Senator Bernie Sanders (D., Vt.) released on Thursday a far-reaching plan aimed at a complete overhaul of the current U.S. immigration system.
Sanders promises to break up the Department of Homeland Security, including the Immigration and Customs Enforcement (ICE) and Customs and Border Protection (CBP) agencies, distributing their respective responsibilities among the Justice, Treasury and State Departments. No other Democratic candidate has so far proposed abolishing ICE and CBP.
The Senator would decriminalize border crossings, and would also end detention for any illegal immigrant without a violent criminal conviction. Sanders writes he would instead provide “community-based alternatives to detention” that give illegal immigrants access to legal representation and health care.
In addition, Sanders writes he will expand two Obama-era programs, including Deferred Action for Childhood Arrivals, to allow 85 percent of illegal immigrants living in the U.S. for the past five years to remain in the country.
Sanders does not explain how he would complete background checks on illegal immigrants to find violent criminals after dismantling ICE and CBP.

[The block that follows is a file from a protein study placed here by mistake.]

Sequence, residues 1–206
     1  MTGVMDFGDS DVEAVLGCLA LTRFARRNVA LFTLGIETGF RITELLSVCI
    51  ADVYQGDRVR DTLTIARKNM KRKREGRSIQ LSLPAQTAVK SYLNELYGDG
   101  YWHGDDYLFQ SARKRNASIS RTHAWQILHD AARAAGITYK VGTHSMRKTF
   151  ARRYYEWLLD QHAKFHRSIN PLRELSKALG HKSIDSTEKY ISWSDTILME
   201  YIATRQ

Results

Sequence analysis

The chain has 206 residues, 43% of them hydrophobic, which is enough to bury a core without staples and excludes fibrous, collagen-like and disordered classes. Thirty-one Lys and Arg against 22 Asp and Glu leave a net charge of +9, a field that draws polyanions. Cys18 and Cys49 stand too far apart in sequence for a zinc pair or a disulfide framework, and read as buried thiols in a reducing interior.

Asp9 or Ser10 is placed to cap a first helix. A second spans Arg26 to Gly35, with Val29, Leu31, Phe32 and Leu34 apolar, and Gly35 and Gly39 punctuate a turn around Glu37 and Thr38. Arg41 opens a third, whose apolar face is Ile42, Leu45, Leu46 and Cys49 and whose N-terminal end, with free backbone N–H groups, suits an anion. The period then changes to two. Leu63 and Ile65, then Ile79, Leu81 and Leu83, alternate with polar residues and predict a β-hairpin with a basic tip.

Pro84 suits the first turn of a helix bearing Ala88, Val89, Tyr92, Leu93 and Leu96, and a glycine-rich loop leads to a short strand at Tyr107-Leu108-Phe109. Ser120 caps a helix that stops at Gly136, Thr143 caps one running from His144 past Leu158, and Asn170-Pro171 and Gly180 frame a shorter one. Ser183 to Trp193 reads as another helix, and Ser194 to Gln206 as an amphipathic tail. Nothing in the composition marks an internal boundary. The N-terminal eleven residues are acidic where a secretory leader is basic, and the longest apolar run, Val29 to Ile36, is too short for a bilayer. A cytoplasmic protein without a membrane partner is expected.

The proposal presents a stark contrast to the Trump administration’s immigration policies, which strongly support ICE and seek to eliminate hindrances to the agency’s ability to arrest illegal immigrants.
On October 29, the Trump administration filed a petition with the Supreme Court challenging California’s “sanctuary” law, known as SB-54, which effectively prohibits local law-enforcement agencies from cooperating with ICE agents. Earlier in October, ICE official Timothy Robbins said in a Senate Judiciary Committee hearing that the Los Angeles sheriff’s department was releasing up to 100 illegal immigrants per day back into the streets due to the department’s refusal to notify ICE.
ICE agents in Massachusetts announced on Wednesday they had completed a four-day sting operation in which they arrested 19 illegal immigrants previously charged with or convicted of drug offenses. In some cases the detainees had been released by law enforcement agencies into local communities without informing ICE.